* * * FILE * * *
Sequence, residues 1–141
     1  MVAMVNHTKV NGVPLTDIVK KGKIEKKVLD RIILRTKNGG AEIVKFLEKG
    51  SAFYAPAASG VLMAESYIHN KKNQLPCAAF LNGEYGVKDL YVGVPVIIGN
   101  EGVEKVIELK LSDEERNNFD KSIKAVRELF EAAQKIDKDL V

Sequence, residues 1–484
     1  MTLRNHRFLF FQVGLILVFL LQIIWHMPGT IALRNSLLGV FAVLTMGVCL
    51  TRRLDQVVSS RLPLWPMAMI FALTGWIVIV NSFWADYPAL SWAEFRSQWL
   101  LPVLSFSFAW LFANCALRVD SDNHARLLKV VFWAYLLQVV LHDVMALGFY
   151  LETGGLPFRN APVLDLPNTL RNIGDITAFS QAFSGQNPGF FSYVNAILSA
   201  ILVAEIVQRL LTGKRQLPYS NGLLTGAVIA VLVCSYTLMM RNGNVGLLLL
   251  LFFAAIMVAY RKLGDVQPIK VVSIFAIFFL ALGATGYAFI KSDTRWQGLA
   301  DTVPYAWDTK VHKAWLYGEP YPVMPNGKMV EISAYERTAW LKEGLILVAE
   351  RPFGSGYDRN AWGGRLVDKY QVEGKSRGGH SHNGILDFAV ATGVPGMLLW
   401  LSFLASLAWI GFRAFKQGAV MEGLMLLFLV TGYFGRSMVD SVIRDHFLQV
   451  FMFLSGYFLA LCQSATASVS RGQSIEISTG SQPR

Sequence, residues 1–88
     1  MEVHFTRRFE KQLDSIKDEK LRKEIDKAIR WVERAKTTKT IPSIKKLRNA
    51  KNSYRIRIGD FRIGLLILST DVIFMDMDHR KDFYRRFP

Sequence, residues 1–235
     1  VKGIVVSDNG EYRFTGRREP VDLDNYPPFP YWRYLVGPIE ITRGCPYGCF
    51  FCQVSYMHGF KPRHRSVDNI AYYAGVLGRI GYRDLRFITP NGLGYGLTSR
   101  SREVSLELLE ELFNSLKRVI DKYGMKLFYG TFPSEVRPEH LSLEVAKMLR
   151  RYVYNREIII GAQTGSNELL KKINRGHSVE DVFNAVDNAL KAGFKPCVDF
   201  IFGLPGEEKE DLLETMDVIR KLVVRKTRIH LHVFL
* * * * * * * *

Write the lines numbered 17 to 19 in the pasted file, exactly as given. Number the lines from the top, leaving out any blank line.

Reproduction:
     1  MEVHFTRRFE KQLDSIKDEK LRKEIDKAIR WVERAKTTKT IPSIKKLRNA
    51  KNSYRIRIGD FRIGLLILST DVIFMDMDHR KDFYRRFP

Sequence, residues 1–235